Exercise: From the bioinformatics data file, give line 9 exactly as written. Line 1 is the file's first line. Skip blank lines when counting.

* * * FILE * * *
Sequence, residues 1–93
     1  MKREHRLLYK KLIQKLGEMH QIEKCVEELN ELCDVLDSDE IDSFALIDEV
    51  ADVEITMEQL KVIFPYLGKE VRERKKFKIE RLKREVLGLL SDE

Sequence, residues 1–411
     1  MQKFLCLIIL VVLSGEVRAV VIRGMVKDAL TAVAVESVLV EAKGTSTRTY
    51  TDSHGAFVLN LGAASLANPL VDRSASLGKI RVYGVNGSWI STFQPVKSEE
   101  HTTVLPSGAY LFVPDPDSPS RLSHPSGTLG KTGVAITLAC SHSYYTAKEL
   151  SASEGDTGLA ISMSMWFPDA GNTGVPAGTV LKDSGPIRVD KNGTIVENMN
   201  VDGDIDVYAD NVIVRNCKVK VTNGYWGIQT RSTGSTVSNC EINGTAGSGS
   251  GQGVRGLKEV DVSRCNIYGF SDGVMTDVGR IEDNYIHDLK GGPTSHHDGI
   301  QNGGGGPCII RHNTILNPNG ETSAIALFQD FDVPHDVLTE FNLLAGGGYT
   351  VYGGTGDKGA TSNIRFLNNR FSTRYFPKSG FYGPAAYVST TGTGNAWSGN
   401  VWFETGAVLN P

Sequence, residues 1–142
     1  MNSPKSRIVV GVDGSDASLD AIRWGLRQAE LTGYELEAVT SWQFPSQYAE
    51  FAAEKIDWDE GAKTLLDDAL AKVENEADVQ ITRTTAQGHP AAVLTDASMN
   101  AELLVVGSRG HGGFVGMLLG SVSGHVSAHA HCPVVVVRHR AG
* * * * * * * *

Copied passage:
   201  VDGDIDVYAD NVIVRNCKVK VTNGYWGIQT RSTGSTVSNC EINGTAGSGS